|Images courtesy of Expedition Navigation Systems|
Positions at 1100
|The final two of the five ORMA 60 trimarans arrived at the finish line off Salvador de Bahia yesterday with Yvan Bourgnon's
Brossard taking fourth place ahead of Antoine Koch's
More war stories have been emerging. During the race Gitana II scored their speed record of 37.4 knots and on three occasions they buried the boat bow down up to the mast... "I've never been as fast before," commented skipper Lionel Lemonchois.
The IMOCA case in the Transat Jacques Vabre continues to be a naitbiter. While Mike Golding and Bruno Dubois on Ecover lead into the Doldrums overnight the boats to the west have won out and the latest position update has Michel Desjoyeaux's race favourite Foncia leading but only by 1.2 mile from Jean le Cam and Gildas Morvan on VM Materiaux, the latter having taken the most westerly course of the leaders as they pass south through the Doldrums.
The transformation in the leaderboard is best summed up by looking at the table above - Foncia and VM averaged 9.1 and 10.1 knots respectively over the last 24 hours while Ecover III made 6.4 and poor Loick Peyron on Gitana made just 3.9. At ,around midnight last night Foncia, Cheminees Poujoulat, Safran and Ecover III were all pretty much on the same latitude Foncia and Ecover at the western and eastern extremities separated by 80 miles. As we predicted yesterday Gitana paid the biggest penalty by being furthest east and has plummeted from second to eighth place and judging from the wind radar image below (where the black indicates rain) are getting quite wet at the moment...
The image above is supposed to depict what is really happening with the wind (as opposed to the forecast) and indicates the Foncia is the boat mostly likely to break through the Doldrums in first, along with Bernard Stamm and Tanguy Cariou on Cheminees Poujoulat (not shown, but just to Foncia's east). However the image also indicates some Doldrums action at around 2degN, so the boats may not be out of the woods just yet.
While there may now be 25 mile gap between second and third, the boats remain relatively equal in terms of their latitude and the boats to the east may prove to be on a faster angle as they emerge from the Doldrums into the southeasterly trades.
Sam Davies reports from Roxy - who have just overhauled Generali , pulling up to ninth:
“Hello! It's hot out here, in T-shirt and shorts in the middle of the night; you can tell we're nearing the doldrums, as it is humid, the wind is shifty, and (although the sky is cloudless) there is so much electricity in the air that there are lightning flashes everywhere. We've just overtaken Generali, and changed from being the hunters to being the hunted! They're astern on our quarter. They must have been doing a sail change because we passed them quickly. There is a nervous anticipation on board Roxy, as the Doldrums can bring huge calms, and also big squalls with too much wind inside, and these conditions can be dangerous. We are going to be careful. However, at present, the doldrums are not too active, so hopefully Neptune will let us out unscathed!”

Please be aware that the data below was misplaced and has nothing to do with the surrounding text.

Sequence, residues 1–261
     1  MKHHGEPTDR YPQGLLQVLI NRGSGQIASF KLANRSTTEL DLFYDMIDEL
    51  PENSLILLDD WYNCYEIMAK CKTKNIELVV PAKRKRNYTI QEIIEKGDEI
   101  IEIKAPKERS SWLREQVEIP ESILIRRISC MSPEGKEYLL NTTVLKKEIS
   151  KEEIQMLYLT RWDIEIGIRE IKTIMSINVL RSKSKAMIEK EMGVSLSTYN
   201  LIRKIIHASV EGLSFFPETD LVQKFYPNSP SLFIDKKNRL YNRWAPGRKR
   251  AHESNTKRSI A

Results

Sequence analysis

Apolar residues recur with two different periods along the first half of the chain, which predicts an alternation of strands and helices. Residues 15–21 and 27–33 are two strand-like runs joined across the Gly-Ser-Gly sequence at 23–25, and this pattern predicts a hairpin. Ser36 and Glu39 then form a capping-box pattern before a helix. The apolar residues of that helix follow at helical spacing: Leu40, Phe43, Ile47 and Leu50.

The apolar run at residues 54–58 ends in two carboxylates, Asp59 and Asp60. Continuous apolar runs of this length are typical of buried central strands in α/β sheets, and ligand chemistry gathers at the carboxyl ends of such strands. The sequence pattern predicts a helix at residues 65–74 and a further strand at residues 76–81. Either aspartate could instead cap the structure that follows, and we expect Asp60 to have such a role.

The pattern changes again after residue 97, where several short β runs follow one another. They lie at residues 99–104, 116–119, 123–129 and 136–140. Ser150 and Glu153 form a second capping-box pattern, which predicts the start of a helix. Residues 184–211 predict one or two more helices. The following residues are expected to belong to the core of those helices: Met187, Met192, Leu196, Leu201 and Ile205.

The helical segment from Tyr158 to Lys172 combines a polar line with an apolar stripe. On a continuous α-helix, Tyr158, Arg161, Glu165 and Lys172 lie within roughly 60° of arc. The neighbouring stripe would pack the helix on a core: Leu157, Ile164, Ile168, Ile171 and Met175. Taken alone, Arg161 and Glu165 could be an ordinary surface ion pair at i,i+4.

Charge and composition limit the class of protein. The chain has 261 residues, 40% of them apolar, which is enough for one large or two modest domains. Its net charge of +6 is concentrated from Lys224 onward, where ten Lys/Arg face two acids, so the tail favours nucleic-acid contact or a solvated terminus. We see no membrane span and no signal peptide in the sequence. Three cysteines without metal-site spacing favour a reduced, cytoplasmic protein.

According to the latest position update Damian Grimont's Chocolats Monbana has moved into pole in the Class 40s, but this is only because the position of Giovanni Soldini and Pietro d'Ali's Telecom Italia has not registered.
At present the Class 40s are lining up for the Cape Verdes. Having sailed down the African coast as long as they dare, the front runners have now all gybed on to starboard and as was the case at the Canaries there seems to be all manner of tactics taking place in terms of how to tackle the Cape Verdes. The Italians and Dominique Vittet on ATAO Audio Systems are on a course taking them to the east and south of the islands, while Peter Harding and Anne Liardet on 40 Degrees are leading the charge in a group of boats that will leave the island to port (they have Vecteur Plus and the lead Pogo 40 Sidaction astern of them). Others such as Chocolats Monbana, AST Groupe and Tanguy de laMotte and Nick Bubb on Novedia Set Environnement are lining up to pass through the islands.
From the forecast charts it is hard to see exactly what is likely to happen other than that the northeast wind is set to drop substantially tonight with the most wind to the southeast of the islands and the wind slightly more backed to the south of the islands. The Cape Verde are extremely high islands and leave a massive wind shadow so the prudent course of action is certainly going to be giving the islands a wide berth.
Among the Brits, Peter Harding is currently leading while Simon Clarke and David Lindsay are 17th, easternmost of the boats still heading south, while Jo Royle and Alexia Barrier are up to 17th on the Pindar 40, taking an easterly route the wake of Soldini and Vittet and the Bear of Britain nippers on Concise are in 19th in the middle of the course.
Looking ahead, come Saturday and the northeasterly wind is expected to go light and will remain this way until Sunday afternoon when the wind is set to build again from the left side of the race track.